Notes on James C. Scott, The Art of Not Being Governed: An Anarchist History of Upland Southeast Asia (Yale University Press, 2009).
PRINCIPLES OF ANALYSIS
I will rearrange the order of presentation in the Preface to emphasize some connections of principles. Under each of the three main headings there is a dialectic of escape and living free that is a theoretical mirror of the historical process being examined: first, a critical interpretation of state thought (escape) and then a positive project of examining the practices of self-governing peoples (living free).
CRITICAL INTERPRETATION OF STATE DENIGRATION OF THE OTHER: “My argument is a deconstruction of Chinese and other civilizational discourses about the ‘barbarian,’ the ‘raw,’ the ‘primitive.’ On close inspection, those terms, practically, mean ungoverned, not-yet-incorporated. Civilizational discourses never entertain the possibility of people voluntarily going over to the barbarians, hence such statuses are stigmatized and ethnicized. Ethnicity and ‘tribe’ begin exactly where taxes and sovereignty end—in the Roman Empire as in the Chinese” (Preface, p x-xi).
POSITIVE PROJECT: WRITING THE HISTORY OF NON-STATE PEOPLES AS THE COMPLEMENT OF STATE-CENTERED HISTORY (the original and implicit affirmative universal “all history is that of the state” has to be changed to an explicit pair of particulars “not all history is that of the state” and “some history is that of non-state peoples”): “The huge literature on state-making, contemporary and historic, pays virtually no attention to its obverse: the history of deliberate and reactive statelessness. This is the history of those who got away, and state-making cannot be understood apart from it. This is also what makes this an anarchist history” (Preface, p x).
CRITICAL INTERPRETATION OF STATE PROGRESSIVISM: From a state perspective, “self-governing peoples” are “living ancestors,” a glimpse of pre-agricultural, pre-civilized life. Here is a politics of anthropology, a way that progressivism or evolutionism is put to work, legitimating incorporation of non-state peoples to allow them access to modernity. Scott argues, on the contrary, “hill people are best understood as runaway, fugitive, maroon communities who have, over the course of two millennia, been fleeing the oppression of state-making projects in the valleys—slavery, conscription, taxes, corvée labor, epidemics, and warfare” (Preface, p ix).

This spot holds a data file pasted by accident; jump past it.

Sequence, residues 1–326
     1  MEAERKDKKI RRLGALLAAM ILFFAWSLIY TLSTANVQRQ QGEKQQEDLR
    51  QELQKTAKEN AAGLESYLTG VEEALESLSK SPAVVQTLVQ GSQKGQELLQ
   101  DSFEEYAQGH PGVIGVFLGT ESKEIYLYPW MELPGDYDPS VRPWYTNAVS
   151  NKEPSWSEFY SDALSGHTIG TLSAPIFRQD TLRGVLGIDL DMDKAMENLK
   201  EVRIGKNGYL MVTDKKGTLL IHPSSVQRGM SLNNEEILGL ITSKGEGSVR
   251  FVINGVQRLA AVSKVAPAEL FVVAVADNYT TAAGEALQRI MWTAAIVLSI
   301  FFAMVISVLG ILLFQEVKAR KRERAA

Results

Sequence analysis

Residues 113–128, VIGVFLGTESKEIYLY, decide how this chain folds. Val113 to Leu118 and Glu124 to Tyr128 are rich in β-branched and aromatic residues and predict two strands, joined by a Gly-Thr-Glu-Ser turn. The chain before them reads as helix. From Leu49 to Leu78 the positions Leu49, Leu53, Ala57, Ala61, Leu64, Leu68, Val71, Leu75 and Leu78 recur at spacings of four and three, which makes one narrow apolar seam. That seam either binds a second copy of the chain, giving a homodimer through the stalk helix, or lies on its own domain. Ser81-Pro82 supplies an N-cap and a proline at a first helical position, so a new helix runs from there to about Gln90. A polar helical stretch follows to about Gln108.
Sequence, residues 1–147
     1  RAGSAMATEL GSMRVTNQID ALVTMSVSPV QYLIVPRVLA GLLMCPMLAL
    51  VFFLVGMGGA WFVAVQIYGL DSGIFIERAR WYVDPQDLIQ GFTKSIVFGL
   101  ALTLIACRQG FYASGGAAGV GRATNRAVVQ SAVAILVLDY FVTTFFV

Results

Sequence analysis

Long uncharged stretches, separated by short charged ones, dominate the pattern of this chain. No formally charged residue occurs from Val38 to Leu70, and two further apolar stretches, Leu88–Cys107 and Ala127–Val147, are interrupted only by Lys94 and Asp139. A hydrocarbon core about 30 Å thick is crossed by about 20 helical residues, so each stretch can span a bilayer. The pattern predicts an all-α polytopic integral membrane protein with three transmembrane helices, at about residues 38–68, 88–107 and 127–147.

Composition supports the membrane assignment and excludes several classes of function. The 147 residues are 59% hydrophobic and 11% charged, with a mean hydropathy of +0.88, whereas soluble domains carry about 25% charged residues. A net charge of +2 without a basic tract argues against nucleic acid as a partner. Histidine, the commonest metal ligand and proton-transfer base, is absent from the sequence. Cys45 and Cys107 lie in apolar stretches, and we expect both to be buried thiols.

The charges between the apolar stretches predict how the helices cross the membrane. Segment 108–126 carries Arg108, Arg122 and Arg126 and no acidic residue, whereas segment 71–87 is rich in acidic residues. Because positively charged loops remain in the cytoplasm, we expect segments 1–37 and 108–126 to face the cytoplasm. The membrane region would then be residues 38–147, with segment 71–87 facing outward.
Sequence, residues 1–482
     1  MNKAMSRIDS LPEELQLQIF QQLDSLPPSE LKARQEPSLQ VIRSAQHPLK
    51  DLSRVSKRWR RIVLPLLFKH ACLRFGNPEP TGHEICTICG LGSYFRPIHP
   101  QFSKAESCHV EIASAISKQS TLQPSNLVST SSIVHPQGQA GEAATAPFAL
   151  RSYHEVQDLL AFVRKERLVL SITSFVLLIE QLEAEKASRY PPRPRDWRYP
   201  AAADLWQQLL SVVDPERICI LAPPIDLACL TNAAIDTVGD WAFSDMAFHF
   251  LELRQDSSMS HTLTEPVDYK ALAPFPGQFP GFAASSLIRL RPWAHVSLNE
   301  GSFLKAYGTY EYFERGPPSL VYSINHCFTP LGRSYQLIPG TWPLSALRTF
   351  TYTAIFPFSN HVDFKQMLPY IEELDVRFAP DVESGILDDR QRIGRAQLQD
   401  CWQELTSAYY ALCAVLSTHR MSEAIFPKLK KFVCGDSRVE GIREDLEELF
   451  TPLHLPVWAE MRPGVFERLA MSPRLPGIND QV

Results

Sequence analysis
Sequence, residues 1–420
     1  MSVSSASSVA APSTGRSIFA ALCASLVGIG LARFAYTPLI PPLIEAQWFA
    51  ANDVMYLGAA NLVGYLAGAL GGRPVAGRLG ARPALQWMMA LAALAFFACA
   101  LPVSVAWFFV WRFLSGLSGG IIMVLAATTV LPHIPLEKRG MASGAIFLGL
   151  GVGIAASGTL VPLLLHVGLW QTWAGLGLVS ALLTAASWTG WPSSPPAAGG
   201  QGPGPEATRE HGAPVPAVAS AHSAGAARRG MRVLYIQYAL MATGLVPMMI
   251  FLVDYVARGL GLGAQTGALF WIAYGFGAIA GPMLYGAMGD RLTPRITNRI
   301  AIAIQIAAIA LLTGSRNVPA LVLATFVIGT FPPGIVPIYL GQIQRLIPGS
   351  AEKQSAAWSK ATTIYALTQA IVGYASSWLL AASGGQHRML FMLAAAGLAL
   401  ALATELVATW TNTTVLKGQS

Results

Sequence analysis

POSITIVE PROJECT OF DESCRIBING “PRIMITIVISM” AS ANTI-STATE CHOICE: “the argument reverses much received wisdom about ‘primitivism’ generally. Pastoralism, foraging, shifting cultivation, and segmentary lineage systems are often a ‘secondary adaptation,’ a kind of ‘self-barbarization’ adopted by peoples whose location, subsistence, and social structure are adapted to state evasion. For those living in the shadow of states, such evasion is also perfectly compatible with derivative, imitative, and parasitic state forms in the hills” (Preface, p x).
CRITICAL INTERPRETATION OF ECOLOGICAL AND CULTURAL DETERMINISM, OR, PUTTING THE POLITICS INTO “POLITICAL ECONOMY”: “Usually, forms of subsistence and kinship are taken as given, as ecologically and culturally determined. By analyzing various forms of cultivation, particular crops, certain social structures, and physical mobility patterns for their escape value, I treat such givens as political choices” (Preface, p xi).
POSITIVE PROJECT OF DESCRIBING ANTI-STATE PRACTICES: “physical dispersion in rugged terrain, their mobility, their cropping practices, their kinship structures, their pliable ethnic identities, and their devotion to prophetic, millenarian leaders all serve to avoid incorporation into states and to prevent states from springing up among them” (Preface, p x).